This is why great writers often use religious or philosophical themes in their writings, because these disciplines concern themselves with trying to resolve the essential conflict at heart of each human experience.

To be real and multi-faceted, our characters need to reflect these internal conflicts, not just deal with the plot conflicts.  This means we need to know our characters inside out.  We need to know what motivates them and what conflicts they carry inside themselves.  Make every villain the hero of their own story.  To do this, of course, we need to plot out our villain’s story in the same way we plot out our protagonist’s story.  We always say to give our characters flaws, but how about making part of the protagonist’s conflict a nagging doubt that they are the villain, and their actions are forcing others into doing bad things—if they stop, perhaps the bad things would stop too or have another character introduce this doubt.

A fundamental facet of human nature is that we all construct narratives of our own lives.  When something major comes along in our lives, we re-write the narrative to fit the events.  We might say it was ‘fate’ or ‘destiny’ or ‘that it was meant to be’, because we can clearly see how every twist and turn of our lives has led to making us the person we are today.  However, before the event, it is highly unlikely this featured in our future narrative.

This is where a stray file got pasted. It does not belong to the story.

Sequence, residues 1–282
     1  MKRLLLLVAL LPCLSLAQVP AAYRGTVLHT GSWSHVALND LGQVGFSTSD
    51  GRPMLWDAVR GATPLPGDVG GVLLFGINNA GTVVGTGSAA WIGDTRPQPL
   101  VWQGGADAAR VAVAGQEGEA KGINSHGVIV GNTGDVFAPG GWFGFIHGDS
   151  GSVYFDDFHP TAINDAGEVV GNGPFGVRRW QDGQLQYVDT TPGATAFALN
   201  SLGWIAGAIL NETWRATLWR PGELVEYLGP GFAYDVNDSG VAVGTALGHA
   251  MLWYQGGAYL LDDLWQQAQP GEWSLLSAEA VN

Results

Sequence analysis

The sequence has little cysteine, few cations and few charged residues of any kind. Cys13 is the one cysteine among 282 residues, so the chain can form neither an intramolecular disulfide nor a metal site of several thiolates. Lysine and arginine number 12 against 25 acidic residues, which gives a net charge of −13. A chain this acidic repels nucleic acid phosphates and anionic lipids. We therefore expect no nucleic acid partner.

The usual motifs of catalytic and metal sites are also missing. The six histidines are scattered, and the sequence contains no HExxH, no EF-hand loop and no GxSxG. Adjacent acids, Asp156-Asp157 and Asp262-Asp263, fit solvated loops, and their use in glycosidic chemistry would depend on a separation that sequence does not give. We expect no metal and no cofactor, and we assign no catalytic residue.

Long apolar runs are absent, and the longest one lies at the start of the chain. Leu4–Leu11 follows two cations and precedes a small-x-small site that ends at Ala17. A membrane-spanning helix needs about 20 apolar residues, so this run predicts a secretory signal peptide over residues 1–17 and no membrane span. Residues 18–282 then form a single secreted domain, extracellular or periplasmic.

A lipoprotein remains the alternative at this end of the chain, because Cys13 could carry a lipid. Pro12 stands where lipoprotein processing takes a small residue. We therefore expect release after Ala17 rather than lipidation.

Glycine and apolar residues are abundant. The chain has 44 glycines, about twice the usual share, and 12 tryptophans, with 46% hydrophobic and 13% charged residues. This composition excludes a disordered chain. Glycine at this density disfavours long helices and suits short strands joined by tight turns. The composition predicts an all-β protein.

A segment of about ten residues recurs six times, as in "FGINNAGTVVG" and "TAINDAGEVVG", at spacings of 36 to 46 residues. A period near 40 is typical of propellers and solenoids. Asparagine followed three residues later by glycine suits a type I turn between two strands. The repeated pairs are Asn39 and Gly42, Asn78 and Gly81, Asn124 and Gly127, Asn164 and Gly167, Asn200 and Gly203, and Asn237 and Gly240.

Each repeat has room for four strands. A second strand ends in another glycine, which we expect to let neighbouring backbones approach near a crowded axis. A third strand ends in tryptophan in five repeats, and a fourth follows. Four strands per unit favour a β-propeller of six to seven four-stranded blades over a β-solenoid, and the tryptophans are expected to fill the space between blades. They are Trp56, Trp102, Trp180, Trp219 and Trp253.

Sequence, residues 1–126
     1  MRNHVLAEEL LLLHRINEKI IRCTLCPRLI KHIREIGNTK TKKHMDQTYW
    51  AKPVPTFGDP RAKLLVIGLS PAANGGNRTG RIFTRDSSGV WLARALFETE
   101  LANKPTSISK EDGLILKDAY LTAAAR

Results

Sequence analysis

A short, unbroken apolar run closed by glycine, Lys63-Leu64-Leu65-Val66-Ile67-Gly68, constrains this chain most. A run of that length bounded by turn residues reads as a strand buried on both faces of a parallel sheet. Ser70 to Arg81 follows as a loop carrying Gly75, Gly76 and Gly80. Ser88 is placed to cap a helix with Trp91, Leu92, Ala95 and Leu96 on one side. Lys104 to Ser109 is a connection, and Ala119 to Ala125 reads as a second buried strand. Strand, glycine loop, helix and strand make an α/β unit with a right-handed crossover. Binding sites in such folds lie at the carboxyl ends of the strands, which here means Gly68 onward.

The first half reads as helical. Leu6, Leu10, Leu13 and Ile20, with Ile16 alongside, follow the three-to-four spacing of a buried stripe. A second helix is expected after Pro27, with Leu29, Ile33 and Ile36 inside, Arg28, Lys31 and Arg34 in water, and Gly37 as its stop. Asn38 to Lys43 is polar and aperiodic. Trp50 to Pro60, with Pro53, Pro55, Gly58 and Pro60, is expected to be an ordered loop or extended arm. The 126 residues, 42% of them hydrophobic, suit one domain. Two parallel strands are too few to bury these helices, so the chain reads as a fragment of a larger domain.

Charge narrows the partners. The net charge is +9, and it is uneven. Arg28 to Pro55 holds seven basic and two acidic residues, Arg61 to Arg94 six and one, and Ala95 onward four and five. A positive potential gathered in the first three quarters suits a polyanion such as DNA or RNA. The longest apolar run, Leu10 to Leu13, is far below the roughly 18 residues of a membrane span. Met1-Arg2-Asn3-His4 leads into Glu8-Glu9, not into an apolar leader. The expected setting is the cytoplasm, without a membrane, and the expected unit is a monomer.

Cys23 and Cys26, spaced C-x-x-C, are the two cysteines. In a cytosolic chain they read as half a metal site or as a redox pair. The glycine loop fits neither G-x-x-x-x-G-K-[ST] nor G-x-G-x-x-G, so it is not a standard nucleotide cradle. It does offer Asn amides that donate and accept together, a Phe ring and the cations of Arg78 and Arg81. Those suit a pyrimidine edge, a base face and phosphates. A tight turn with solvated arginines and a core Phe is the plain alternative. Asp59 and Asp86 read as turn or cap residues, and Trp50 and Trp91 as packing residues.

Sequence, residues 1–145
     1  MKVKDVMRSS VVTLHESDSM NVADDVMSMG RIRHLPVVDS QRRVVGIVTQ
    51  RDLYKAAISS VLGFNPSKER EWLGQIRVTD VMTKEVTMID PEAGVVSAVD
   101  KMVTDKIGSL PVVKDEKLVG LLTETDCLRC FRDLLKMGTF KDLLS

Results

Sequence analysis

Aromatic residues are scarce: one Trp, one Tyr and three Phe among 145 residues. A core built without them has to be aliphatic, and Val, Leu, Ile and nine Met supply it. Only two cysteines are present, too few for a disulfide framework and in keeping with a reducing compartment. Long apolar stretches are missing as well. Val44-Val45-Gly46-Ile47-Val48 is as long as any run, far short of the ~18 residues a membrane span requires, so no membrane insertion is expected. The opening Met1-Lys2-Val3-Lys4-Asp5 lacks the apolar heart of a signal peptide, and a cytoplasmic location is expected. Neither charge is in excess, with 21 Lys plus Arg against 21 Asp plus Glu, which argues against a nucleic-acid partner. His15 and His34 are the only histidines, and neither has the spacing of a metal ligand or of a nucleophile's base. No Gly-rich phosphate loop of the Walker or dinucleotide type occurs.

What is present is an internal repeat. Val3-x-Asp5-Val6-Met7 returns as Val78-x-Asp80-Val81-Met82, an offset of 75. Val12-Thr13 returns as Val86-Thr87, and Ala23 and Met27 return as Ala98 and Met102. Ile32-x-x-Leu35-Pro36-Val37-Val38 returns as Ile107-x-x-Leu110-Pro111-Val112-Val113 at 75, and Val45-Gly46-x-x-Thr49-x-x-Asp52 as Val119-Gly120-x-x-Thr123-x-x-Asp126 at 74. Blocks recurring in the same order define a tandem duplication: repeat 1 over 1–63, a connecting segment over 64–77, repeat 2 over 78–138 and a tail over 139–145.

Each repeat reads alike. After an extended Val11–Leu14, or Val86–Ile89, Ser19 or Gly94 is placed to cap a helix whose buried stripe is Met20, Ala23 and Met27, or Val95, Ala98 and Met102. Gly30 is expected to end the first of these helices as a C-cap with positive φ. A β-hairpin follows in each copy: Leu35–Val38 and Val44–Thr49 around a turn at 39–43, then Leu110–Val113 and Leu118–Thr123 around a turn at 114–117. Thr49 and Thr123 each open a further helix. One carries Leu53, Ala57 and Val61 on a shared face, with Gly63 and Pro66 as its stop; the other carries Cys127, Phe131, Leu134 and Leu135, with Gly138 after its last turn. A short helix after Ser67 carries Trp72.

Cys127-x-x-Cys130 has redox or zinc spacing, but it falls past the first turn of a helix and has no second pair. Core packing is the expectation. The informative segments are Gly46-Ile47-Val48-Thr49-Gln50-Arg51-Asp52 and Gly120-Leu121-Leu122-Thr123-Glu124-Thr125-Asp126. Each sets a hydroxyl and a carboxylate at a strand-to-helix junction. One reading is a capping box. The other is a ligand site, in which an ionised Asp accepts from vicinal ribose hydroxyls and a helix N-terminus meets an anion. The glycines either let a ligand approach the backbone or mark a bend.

Just as every real person has a narrative of their lives so every character in our plot too has a narrative.  To make our characters, whether hero, villain, or side character, real, we need to know and explore the life narrative of each one.  Reading enables us to explore all sorts of conflicts, situations, and solutions.  In a good book we can explore the big themes of life.  As writers, we owe it to our readers not to duck the big issues of life or present flat characters who have no internal conflicts of their own.  In our stories, we can, to a greater or lesser extent, explore the true nature of human existence.